Colobostruma nancyae occurs in dry sclerophyll and heath habitats.
This distinctive species is immediately recognisable by its low, rounded mesosoma and reduced propodeal declivity. It is unlikely to be confused with other species in the genus.
Keys including this Species
- Key to Australian Colobostruma Species
- Key to Colobostruma of the southwestern Australian Botanical Province
Restricted to south-western Australia.
Distribution based on Regional Taxon Lists
Distribution based on AntMaps
Distribution based on AntWeb specimens
Check data from AntWeb
Beyond what is stated in the introduction at the top of this page, little is know about the biology of Colobostruma nancyae. Until further studies reveal more about this species we can infer that its natural history and biology should be similar to other species in this genus. In general Colobostruma can be locally common although they are often overlooked. Most species have small colonies with less than 100 workers, and workers will lie motionless when disturbed. Nests can occur in soil usually under rocks, in cracks in rocks or in rotten logs. Only a single rainforest species is known to nest arboreally. Foraging is usually on the ground at night but occasionally they are found foraging on mallee. They are also commonly found in leaf litter.
The following information is derived from Barry Bolton's Online Catalogue of the Ants of the World.
- nancyae. Colobostruma nancyae Brown, 1965b: 22, figs. 1-3 (w.) AUSTRALIA. See also: Shattuck, in Bolton, 2000: 45.
- Holotype, worker, 100 km. E of Esperance, about 8 km. NE of (old) Thomas River Station, Western Australia, Australia, 28-29 January 1955, E.O. Wilson, Museum of Comparative Zoology.
- Paratype, 1 worker, 15km [reported as 25km] S Mt. Ragged, Western Australia, Australia, 31 January 1955, Wilson & Haskins, Museum of Comparative Zoology.
- Paratype, 3 workers, 100 km. E of Esperance, about 8 km. NE of (old) Thomas River Station, Western Australia, Australia, 28-29 January 1955, E.O. Wilson, Museum of Comparative Zoology.
Unless otherwise noted the text for the remainder of this section is reported from the publication that includes the original description.
Shattuck (2000) - TL 2.9 - 3.7, HL 0.81 - 0.92, HW 0.84 - 1.08, CI 102 - 119, ML 0.18 - 0.20, MI 21 - 22, SL 0.38 - 0.51, SI 43 - 53, PW 0.66 - 1.02, AL 0.81 - 0.99 (4 measured). Anterior region of head rounding gradually from the dorsal to lateral surfaces, not phragmotic. In full-face view ridge immediately in front of eye weakly concave. Frontal lobes and lateral margins of clypeus smooth relative to the surrounding surface of the head. Mandibles triangular. Hairs absent from dorsum of head. Posterior margin of head weakly concave. Antenna with 6 segments, the scape strongly elbowed and with a weak lobe at the elbow. Anterior region of the pronotum expanded laterally as a weak flange. Propodeum low, its declivitous face greatly reduced and approximately the same height as the petiolar peduncle, the lamellae reduced to short, thickened ridges; in profile the dorsum of the alitrunk strongly convex. Petiole node low. Lateral postpetiole tapering gradually into a thin, semi-transparent flange. First gastral tergite with closely spaced fine longitudinal striations (absent from a narrow medial band) and with a narrow band of low, closely spaced carinae immediately posterior of the postpetiolar insertion . Body colour yellow brown, dorsum of head slightly darker.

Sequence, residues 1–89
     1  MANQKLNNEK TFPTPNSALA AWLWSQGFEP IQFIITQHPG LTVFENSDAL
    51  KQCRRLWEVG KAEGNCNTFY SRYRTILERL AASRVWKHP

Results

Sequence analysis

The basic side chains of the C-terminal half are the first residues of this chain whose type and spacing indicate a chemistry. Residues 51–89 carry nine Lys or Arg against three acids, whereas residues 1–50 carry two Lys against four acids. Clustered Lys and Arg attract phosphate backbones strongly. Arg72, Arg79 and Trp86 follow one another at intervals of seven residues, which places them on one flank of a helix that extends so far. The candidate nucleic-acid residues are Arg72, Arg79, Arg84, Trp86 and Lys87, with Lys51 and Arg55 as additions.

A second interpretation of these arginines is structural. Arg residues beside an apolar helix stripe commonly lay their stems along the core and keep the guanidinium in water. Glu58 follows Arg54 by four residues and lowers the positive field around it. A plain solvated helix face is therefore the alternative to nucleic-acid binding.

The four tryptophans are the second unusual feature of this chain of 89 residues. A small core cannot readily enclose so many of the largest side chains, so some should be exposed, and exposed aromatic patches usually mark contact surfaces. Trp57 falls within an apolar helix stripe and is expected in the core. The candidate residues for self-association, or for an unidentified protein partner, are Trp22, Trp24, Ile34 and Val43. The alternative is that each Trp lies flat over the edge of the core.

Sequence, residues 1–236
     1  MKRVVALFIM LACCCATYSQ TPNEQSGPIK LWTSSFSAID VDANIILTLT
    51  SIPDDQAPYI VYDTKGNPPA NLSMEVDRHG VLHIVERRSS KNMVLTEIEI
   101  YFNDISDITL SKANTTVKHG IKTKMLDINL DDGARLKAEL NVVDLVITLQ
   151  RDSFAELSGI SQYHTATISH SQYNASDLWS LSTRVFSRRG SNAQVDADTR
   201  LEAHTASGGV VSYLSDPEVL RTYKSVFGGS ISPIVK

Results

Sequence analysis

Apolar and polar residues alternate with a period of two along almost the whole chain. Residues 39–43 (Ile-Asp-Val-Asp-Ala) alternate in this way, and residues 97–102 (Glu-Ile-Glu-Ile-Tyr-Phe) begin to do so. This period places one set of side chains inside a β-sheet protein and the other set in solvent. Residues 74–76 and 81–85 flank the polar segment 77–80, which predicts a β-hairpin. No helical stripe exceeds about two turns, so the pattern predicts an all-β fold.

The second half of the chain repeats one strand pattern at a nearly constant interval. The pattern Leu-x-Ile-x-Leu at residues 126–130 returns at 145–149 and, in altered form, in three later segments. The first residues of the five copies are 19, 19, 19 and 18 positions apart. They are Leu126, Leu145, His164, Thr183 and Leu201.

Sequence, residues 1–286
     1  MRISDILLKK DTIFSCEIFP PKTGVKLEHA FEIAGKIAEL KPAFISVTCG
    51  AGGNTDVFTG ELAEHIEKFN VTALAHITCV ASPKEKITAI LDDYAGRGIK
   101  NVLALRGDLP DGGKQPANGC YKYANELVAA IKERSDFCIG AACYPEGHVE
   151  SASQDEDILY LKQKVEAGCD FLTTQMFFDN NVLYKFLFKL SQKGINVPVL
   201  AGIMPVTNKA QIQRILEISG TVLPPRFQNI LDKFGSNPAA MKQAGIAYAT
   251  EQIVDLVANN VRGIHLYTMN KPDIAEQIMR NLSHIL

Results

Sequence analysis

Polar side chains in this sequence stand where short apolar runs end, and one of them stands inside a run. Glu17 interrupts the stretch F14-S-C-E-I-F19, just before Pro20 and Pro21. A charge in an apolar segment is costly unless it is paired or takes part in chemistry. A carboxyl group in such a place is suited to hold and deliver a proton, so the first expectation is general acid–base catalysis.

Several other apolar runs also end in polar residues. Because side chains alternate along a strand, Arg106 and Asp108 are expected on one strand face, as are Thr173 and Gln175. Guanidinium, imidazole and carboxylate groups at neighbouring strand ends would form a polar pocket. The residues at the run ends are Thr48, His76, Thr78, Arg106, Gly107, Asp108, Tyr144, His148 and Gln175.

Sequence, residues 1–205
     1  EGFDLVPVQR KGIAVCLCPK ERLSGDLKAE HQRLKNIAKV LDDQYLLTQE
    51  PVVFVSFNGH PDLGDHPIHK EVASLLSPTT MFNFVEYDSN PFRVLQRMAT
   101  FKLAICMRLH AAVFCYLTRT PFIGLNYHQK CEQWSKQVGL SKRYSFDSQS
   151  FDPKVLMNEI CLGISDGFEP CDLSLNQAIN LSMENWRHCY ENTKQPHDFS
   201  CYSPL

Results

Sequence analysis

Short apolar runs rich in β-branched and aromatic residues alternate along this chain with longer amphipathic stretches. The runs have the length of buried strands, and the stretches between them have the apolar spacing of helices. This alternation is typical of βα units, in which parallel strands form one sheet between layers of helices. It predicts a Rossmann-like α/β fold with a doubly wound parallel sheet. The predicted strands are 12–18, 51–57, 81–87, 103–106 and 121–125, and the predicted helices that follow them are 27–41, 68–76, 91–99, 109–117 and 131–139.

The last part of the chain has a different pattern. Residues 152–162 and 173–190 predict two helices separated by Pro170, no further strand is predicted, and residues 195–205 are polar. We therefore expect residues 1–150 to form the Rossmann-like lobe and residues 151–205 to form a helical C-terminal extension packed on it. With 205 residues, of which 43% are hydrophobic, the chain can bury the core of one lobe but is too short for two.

- Bolton, B. 2000. The ant tribe Dacetini. Mem. Am. Entomol. Inst. 65: 1-1028 (page 45, see also)
- Brown, W. L., Jr. 1965b. Colobostruma nancyae species nov. Pilot Regist. Zool. Card No. 22. (page 22, worker described)
- Heterick, B. E. 2009. A guide to the ants of South-western Australia. Records of the Western Australian Museum, Supplement 76:1-206.
- Shattuck, S. O. 2000. Genus Colobostruma. Genus Mesostruma. Genus Epopostruma. Pp. 31-67 in: Bolton, B. The ant tribe Dacetini. Mem. Am. Entomol. Inst. 65: 1-1028.